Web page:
There’s a difference between current events/journalism and history. When I teach my course in recent European history, I stop about the year 2000 (with a coda on Brexit). The last twenty-ish years are too recent for historians to get much perspective. As I have previously quoted E.H. Carr: “History is a dialogue between the Past and the Present,” and until there is a decent-enough interval of time, the past and the present are too close to each other to have much to say. So much of what splashes across our daily feeds/consciousness becomes—in due course—ephemera. To be sure, there is history to be mined from ephemera, but it requires a delicate touch to extract those items that still resonate with meaning after twenty or a hundred or 250 years; and the historian who does so must start with a particular frame of reference or they’re just picking up flotsam on the beach.
So, it was with some skepticism that I saw a piece in the NYT recently under the headline “100 Years from Now, This is What We’ll Say Got Us Through the Pandemic.”
I needn’t have worried that the authors made any serious attempt at history (the title notwithstanding). The article comprised short pieces from 17 “cultural critics” on “Pop Culture Moments that Define the Covid Era.” As if.
As if the “Covid Era” is how people of the 22C will see the last four years. It’s certainly possible, of course, but given the geopolitical crisis in Ukraine, the threat of war in Taiwan, the precariousness of global democracy, and the nigh unavoidable environmental cataclysm, it’s not clear that Covid will make the cut as the defining phenomenon of the 2020s.
As if eras are, in any event, definable by cultural “moments.” Even in our media-crazed times, eras tend to be defined by geopolitics and economics. In the list of “big things” in 1939, “Gone with the Wind,” and “The Wizard of Oz”, the first NCAA Men’s Basketball Tournament, the birth of “Batman,” and the opening of LaGuardia Airport don’t make much of a dent in the start of the European phase of WWII. Ditto for the 1929 birth of “Popeye,” and “Tintin,” the opening of MOMA in New York and the invention of the game of “Bingo,” which are similarly second tier to the start of the Great Depression.
As if “pop culture” tells us much of lasting import. I will readily admit to not being tuned into “pop” culture (I was wholly (and blissfully) unaware of most of the NYT list of 17 “must see/do” items). I am particularly ready to take a stand, nonetheless, that any list that includes any Kardashian or the eighth version of some video game is worth my time to consider. More fundamentally, however, the nature of “pop” culture is to be popular and (almost by definition) ephemeral. The article’s claim of significance is belied by the mental concentration that would be required for us to recall even half a dozen significant “pop” cultural icons of 2003. If it doesn’t mean much after twenty years, then a century seems like quite a stretch.
As if a list of seventeen items can claim to broadly represent the state of US culture during this time. I am aware of the standing of Taylor Swift, for example. But as with her predecessors, Celine Dion, Cher, Barbra Streisand, et al., their appeal only goes so far. This list includes but one book (seven streaming video shows), nothing from Hispanic culture, barely a nod to the heartland or to spontaneous events (other than Will Smith’s slap of Chris Rock at the Oscars); nothing about serious culture, nothing about anybody outside the US of A. It’s a highly selective metro/media-skewed selection.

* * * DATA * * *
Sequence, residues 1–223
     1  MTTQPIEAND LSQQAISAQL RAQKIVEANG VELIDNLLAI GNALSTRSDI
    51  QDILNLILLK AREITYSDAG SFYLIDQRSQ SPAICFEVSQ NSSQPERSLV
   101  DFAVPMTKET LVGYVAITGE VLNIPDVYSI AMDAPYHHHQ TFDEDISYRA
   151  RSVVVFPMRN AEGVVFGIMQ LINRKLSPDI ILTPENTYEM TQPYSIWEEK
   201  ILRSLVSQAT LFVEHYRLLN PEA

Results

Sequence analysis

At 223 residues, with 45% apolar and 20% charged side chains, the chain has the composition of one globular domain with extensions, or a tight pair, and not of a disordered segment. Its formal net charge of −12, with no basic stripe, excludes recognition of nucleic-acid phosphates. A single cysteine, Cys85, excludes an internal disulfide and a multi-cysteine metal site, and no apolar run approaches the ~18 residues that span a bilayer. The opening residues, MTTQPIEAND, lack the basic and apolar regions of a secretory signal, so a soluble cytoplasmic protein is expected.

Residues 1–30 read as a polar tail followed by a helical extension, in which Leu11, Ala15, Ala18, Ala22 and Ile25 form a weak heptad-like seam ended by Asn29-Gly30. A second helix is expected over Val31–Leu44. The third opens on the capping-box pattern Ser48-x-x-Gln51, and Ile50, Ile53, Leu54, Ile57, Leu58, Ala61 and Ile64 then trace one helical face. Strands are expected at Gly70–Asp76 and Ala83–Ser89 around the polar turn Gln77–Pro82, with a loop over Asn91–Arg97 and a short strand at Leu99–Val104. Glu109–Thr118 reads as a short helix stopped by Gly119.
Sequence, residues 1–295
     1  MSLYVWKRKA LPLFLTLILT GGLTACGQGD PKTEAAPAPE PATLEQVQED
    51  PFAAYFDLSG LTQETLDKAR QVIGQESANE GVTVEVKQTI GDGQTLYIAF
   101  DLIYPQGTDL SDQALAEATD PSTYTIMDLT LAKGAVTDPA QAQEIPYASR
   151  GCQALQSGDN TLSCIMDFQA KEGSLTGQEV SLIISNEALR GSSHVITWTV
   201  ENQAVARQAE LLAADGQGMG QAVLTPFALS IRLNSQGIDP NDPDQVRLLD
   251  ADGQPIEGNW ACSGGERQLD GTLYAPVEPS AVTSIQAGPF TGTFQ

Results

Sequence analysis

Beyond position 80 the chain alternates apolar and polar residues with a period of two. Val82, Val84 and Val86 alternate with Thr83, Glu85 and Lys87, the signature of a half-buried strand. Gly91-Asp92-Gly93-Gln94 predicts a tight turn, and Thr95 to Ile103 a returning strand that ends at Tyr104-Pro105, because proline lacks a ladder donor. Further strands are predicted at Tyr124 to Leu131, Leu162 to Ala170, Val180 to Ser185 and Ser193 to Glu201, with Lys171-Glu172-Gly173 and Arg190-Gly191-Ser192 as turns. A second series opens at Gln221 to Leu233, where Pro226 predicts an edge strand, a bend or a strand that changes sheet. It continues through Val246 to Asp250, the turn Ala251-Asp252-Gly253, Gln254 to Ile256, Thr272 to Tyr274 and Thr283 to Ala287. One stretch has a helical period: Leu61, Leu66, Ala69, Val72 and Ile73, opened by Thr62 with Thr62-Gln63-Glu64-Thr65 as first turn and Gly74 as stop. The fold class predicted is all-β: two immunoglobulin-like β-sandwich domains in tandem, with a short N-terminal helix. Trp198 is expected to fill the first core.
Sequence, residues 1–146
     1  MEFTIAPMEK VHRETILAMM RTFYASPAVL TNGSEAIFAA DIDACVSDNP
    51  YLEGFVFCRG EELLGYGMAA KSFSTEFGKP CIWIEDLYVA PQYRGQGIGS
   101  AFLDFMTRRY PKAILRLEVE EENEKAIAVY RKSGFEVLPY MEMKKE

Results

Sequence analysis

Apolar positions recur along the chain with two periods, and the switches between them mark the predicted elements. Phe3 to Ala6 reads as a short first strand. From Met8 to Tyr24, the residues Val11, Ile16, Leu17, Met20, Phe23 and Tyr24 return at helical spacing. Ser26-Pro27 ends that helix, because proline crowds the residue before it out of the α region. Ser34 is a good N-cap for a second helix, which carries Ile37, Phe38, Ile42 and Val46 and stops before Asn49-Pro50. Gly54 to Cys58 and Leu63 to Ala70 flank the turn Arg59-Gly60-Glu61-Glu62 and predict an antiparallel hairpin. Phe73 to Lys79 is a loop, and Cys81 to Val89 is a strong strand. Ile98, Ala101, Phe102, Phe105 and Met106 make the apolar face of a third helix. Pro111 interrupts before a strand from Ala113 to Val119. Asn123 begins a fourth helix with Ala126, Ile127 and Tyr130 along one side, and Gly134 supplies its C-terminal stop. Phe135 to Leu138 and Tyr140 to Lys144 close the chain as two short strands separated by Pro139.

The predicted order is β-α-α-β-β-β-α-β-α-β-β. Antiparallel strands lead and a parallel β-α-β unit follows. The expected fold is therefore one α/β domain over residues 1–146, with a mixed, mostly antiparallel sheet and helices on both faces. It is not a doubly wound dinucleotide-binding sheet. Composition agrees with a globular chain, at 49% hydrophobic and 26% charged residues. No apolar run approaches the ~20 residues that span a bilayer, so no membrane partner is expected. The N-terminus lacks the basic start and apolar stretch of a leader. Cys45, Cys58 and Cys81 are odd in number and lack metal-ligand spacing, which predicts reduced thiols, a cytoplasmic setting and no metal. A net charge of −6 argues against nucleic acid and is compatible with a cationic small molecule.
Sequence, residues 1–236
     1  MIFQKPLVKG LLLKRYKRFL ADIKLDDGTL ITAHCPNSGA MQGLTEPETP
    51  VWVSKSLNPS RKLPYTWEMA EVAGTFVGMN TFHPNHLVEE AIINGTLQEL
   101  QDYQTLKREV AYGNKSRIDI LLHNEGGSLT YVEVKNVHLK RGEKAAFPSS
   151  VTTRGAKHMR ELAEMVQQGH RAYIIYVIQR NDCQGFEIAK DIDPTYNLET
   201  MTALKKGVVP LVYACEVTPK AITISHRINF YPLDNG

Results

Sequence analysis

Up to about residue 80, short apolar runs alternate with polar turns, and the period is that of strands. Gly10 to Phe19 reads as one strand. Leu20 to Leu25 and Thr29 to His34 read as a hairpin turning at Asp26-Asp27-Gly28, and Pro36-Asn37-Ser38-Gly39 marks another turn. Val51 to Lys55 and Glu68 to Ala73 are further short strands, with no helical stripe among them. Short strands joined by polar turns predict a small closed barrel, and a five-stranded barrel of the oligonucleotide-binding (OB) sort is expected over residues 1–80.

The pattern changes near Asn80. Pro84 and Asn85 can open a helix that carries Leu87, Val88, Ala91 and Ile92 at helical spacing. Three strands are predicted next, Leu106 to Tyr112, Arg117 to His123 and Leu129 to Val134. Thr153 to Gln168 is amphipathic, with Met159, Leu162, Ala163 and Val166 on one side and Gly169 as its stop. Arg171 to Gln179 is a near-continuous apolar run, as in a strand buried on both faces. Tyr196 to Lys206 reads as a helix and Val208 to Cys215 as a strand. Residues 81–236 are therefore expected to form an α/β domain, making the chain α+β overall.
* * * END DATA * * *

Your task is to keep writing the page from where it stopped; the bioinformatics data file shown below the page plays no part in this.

As if these are the things that “got us through the Pandemic.” There is certainly inspiration and solace and insight to be had from a society’s culture in times of death and trial. For ordinary folks, the fear, disruption, and pain were countered by perseverance, creativity, and mutual support. Where is any mention of the outpouring of support for front-line health care workers by banging pots at 7pm? Where is the awe at the speed with which vaccines appeared? Where are the manifestations of heroism and hunkering-down. Unfortunately, the list trivializes the trauma, the courage, the science, and the humanity of the Covid experience.
As if there’s any sense of history. Per the Carr quote above, we have virtually no idea what people a century hence will think about us or how they will characterize our age. As an exercise in constructing a virtual “time-capsule,” this is much more about self-reflection; i.e., it tells us much more about how this particular group of “cultural critics” saw their peculiar slice of the world in 2023 than it will tell historians about what will seem historically significant. Indeed, I suspect I would be quite surprised, even as a 22C cultural historian of the US in the 21C, if more than a couple of the seventeen items still stood out.
Was it the stuff on this list that “got us through the Pandemic?” Rather to the contrary, one could argue that they were more noise and distraction than aid and comfort. Given our sorry national record on “listening to the science” and the unwillingness of millions to make voluntary sacrifices in the pursuit of “freedom” and “normalcy,” our “getting through” isn’t so much to celebrate.
Depending on how you count it almost 1.5M folks in the US died because of the pandemic, part of 20M+ globally. They, their families, and the many millions more who had serious repercussions—of health or livelihood—didn’t “get through.” Historians of the 22C will assess whether that’s more meaningful than a few yuks on some Netflix dating show